'Plain packaging on cigarettes will work' say prominent economists (Issue 10, 2012)

Cigarette packaging

Cigarette packagingLa Trobe University economists refute arguments by tobacco manufacturers, which are currently being discussed in the High Court of Australia.

Smoking is estimated to have led to the deaths of more than 900 000 Australians from 1950 to 2008, according to the government. Still, almost one-sixth of the Australian population aged 14 years and older smokes cigarettes on a daily basis, the government said.

Under the plain-packaging law, cigarettes will be sold with no company logos and the same font for all brands on a dark brown background. Graphic health warnings will cover 90 percent of the back of the package and 70 percent of the front.
 
Australian tobacco companies have made an appeal to the High Court, claiming that the Tobacco Plain Packaging Act 2011 amounts to an acquisition of their property, in the form of trademarks and logos.
 
Professor Harry Clarke and Dr David Prentice from La Trobe University’s School of Economics have conducted a review into the Australian Parliament plain packaging legislation. They looked at the likely effects of this new policy, by considering the results of earlier restrictions on electronic and print media advertising of cigarettes.
 
‘The claim from the tobacco industry that plain packaging will potentially reduce cigarette prices, is likely to be correct,’ says Professor Clarke. ‘But this price decline can be readily offset by increases in the tobacco excise.

‘Comparing results from the advertising restrictions in the early 1990s, it is highly unlikely, however, that new low price brands from major companies will be introduced after this legislation.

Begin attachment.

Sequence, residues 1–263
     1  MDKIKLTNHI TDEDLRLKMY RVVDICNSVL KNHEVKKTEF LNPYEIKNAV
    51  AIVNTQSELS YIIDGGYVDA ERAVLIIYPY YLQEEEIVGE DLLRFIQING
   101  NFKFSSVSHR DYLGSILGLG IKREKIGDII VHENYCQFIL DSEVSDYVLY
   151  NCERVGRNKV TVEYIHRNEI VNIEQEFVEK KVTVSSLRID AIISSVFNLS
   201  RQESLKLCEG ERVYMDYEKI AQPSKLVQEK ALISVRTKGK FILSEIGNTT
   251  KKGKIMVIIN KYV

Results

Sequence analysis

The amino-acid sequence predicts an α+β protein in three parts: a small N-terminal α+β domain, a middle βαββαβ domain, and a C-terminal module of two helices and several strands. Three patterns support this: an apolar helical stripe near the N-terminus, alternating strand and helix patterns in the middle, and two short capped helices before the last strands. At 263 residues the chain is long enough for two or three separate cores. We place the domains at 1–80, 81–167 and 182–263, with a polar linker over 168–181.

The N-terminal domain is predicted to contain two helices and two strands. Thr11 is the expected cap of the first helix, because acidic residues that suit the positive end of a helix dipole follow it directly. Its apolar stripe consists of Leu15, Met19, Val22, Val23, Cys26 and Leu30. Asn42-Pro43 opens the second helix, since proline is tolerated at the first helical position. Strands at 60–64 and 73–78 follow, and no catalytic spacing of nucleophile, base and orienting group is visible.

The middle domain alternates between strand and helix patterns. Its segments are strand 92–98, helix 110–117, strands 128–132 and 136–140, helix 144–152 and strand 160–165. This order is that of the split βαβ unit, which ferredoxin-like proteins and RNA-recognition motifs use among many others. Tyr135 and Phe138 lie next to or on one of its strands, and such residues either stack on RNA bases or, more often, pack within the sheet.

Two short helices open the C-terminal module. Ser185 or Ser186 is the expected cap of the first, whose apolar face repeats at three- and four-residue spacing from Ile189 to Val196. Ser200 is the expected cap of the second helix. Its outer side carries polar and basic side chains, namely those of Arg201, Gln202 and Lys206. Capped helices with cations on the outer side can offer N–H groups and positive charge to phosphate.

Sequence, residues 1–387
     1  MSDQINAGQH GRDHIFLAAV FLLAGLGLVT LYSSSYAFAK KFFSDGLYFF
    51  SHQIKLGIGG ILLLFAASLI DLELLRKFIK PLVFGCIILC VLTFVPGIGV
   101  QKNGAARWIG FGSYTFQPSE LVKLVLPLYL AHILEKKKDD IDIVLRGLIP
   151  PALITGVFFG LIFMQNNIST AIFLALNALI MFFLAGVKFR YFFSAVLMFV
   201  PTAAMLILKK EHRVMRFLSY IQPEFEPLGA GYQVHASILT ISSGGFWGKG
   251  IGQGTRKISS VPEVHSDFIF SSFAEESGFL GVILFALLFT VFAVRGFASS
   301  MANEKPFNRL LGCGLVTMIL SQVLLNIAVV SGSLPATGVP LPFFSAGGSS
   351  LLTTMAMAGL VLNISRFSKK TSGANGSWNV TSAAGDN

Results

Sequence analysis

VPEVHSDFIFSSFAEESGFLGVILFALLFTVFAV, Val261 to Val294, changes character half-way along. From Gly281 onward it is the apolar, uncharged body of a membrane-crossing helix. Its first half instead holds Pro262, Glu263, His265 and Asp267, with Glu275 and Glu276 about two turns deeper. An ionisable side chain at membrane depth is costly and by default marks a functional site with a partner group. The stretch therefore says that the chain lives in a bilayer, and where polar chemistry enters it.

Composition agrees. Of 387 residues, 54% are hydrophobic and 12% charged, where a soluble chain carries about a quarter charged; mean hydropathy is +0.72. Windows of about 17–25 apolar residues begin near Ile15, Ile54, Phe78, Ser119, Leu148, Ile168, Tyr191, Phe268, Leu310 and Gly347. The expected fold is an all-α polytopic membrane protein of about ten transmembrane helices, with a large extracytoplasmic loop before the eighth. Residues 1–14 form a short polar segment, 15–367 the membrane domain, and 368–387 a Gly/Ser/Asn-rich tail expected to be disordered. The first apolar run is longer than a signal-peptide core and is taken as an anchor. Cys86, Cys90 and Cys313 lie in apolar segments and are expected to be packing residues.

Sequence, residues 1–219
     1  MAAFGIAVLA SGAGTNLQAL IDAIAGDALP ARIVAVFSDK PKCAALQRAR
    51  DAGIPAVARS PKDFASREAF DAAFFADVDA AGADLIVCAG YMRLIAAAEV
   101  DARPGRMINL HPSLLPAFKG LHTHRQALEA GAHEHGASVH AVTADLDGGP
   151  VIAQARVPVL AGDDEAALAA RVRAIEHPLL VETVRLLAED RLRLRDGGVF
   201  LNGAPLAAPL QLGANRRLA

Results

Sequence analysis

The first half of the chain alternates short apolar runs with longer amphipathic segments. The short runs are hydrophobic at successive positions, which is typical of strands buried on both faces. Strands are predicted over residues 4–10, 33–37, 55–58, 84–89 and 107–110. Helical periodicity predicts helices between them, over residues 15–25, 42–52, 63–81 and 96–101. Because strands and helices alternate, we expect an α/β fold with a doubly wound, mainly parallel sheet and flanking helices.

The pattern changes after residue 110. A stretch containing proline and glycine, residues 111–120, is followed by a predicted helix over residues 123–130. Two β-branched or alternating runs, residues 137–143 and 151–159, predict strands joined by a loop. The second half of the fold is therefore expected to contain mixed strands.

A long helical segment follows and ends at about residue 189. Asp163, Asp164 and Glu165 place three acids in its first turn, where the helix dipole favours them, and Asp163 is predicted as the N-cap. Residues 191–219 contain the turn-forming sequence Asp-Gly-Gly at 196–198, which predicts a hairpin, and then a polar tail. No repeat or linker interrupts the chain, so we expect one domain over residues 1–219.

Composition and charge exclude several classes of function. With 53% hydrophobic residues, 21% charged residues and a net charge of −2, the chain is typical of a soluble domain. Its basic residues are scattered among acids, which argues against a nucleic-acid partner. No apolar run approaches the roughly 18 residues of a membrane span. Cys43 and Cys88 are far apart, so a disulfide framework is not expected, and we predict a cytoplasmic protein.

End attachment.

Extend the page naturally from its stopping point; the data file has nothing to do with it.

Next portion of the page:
‘Likewise, the concern that there will be a substantial increase in unbranded or counterfeit cigarette supply is unfounded. What is more likely is that the introduction of plain packaging will make cigarette production far cheaper, therefore making the illegal market less profitable, and less cost effective.’
 
Professor Clarke and Dr Prentice have also received nationwide recognition for their research into Reforming Taxes, Charges and Supply Decisions in the Australian Road Transport Sector.
 
‘Australia’s plain packaging package seems at worse to be a costless experiment that provides valuable information on the effectiveness of plain packaging at almost zero public cost. There will be no harmful effects and possibly significantly beneficial effects in reducing deaths from smoking,’ says Professor Clarke.
 
The new legislation comes into force on 1 December 2012 across Australia. The plain packaging will replace brand logos with stark anti-smoking messages, and only company names will be permitted in a standardised font.
 
The findings were published in a working paper titled Will Plain Packaging Reduce Cigarette Consumption?